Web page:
German vets perform surgery to rid Pakistani elephant of tooth infection, pain

09:25 PM | 18 Aug, 2022
German vets perform surgery to rid Pakistani elephant of tooth infection, pain
Source: Four Paws (Twitter)
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KARACHI – A team of international veterinarians has carried out a surgery to help one of Pakistan's four African elephants to get rid of toothache and infection.

A technique called standing sedation was used for the first time in the country's history to perform a root canal procedure on Pakistani elephant Madhubala at Karachi Zoo.

The Sindh High Court had granted permission to the head veterinarian at the Leibniz Institute for Zoo and Wildlife Research to visit Pakistan in September last year to evaluate the health of four African elephants in Karachi.

The decision was taken after animal rights activists went to court after a video went viral on social media showing cracks in the foot of one of the animals, Malika, who is housed at Karachi’s Safari Park.

Four Paws, a Vienna-based animal welfare organization, made its own assessment of the elephants’ health in November, suggesting immediate surgery since some of the animals had severe tusk infection.

“We are very glad the operation is done today on both sides of the tooth root of the elephant Madhubala. It is a special procedure, which we did,” Dr. Amir Khalil, director of Four PAWs, said after the procedure was concluded at Karachi Zoo.

Instead of a traditional approach, the Four Paws team used a less invasive, unique new technique that requires less complicated aftercare, given the conditions at the zoo. They used specially designed drills and endodontic burs along with other dental instruments.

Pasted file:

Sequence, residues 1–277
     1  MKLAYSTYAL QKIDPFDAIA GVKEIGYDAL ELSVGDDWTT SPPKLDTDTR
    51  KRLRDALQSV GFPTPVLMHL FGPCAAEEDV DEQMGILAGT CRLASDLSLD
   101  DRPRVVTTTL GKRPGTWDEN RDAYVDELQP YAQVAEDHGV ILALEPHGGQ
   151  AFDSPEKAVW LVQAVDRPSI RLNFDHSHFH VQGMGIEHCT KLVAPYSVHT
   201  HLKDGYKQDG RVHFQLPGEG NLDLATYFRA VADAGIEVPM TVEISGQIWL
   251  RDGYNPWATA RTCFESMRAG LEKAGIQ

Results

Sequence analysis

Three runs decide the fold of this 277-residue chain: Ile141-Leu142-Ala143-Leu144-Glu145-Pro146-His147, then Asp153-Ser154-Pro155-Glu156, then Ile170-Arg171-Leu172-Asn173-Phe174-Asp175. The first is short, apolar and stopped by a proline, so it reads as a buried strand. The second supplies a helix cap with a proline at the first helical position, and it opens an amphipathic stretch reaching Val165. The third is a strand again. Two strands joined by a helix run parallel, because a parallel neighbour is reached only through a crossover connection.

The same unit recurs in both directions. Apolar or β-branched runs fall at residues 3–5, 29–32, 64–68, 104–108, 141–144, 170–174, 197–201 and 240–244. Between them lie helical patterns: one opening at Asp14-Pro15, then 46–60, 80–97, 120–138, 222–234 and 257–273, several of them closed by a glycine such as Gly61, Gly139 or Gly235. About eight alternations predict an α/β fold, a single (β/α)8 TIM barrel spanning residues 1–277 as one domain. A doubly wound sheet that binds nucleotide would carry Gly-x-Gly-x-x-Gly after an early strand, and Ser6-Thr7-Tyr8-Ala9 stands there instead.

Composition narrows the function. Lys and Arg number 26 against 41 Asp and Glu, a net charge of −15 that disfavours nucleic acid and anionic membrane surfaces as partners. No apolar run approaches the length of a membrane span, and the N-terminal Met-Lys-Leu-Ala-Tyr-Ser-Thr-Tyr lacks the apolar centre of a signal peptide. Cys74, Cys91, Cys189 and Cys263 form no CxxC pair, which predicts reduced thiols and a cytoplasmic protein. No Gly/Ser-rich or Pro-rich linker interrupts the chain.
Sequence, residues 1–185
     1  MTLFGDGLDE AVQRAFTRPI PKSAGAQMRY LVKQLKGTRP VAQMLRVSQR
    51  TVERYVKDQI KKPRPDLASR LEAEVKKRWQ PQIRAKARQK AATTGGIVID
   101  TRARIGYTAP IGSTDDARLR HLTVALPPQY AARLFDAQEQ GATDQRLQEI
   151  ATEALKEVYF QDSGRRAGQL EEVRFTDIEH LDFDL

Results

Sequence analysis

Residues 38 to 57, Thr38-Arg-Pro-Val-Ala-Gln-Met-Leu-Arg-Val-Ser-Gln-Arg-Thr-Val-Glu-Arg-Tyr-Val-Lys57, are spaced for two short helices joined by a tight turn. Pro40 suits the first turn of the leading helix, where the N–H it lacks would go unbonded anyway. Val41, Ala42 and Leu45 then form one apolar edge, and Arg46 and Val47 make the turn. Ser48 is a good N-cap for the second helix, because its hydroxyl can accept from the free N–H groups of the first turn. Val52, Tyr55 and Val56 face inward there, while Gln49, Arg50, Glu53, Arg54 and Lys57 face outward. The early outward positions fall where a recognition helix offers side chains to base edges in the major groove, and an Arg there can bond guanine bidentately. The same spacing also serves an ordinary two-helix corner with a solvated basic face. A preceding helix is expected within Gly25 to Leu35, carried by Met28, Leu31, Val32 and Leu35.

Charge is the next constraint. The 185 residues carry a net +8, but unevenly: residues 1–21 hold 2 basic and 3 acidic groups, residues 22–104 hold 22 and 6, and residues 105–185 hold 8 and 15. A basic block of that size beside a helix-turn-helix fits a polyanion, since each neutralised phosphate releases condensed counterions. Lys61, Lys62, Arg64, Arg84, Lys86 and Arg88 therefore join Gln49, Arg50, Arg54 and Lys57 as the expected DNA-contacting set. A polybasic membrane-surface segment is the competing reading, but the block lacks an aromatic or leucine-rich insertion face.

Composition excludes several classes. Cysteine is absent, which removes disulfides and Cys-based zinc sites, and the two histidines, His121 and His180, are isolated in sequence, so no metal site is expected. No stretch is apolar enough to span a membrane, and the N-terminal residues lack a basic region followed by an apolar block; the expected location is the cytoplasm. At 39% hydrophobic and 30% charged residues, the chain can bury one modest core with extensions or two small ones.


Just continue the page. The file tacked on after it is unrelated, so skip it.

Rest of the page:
“Their tusks were broken, and the tissue inside the wounds was inflamed and infected,” Dr. Khalil said.

“They are in a lot of pain and without treatment the inflammation could expand and cause blindness or even brain damage and death. We put the elephants under ‘standing sedation’, removed the dead tissue, cleaned the root canal, and taught the local caretakers how to conduct regular post-treatment flushing and how to clean the wounds to prevent further inflammation. We expect good results for the elephants’ recovery. This is a very important step to improve their wellbeing.”

He hoped that the treatment would give Madhubala, 17, a new lease on life.

“She will be able to eat normally and not have this chronic and very severe pain which affected the quality of her life in the last few years,” he said.

Dr. Thomas Hildebrandt, a vet from the Leibniz Institute, who performed surgery along with Dr. Frank Göritzs, said standing sedation was a new approach.

“We think that it’s time to develop a new technique, standing sedation, and using a very specialized device which we developed over the last three months. We know exactly how the tusks look inside,” he said.

Dr. Khalil said he would recommend relocating Madhubala and Noor Jehan from the Zoo to Safari Park, where Malika and Suno reside.

“This place is not the optimum standard to keep elephants because there’s a smaller space. There is not enough shadow for the elephants, there is no enrichment,” he said, adding that elephants at the Safari Park were in a better condition.

“I think that [Safari Park] is a very nice example that in Pakistan, you can keep elephants in very good condition,” Dr. Hildebrandt added.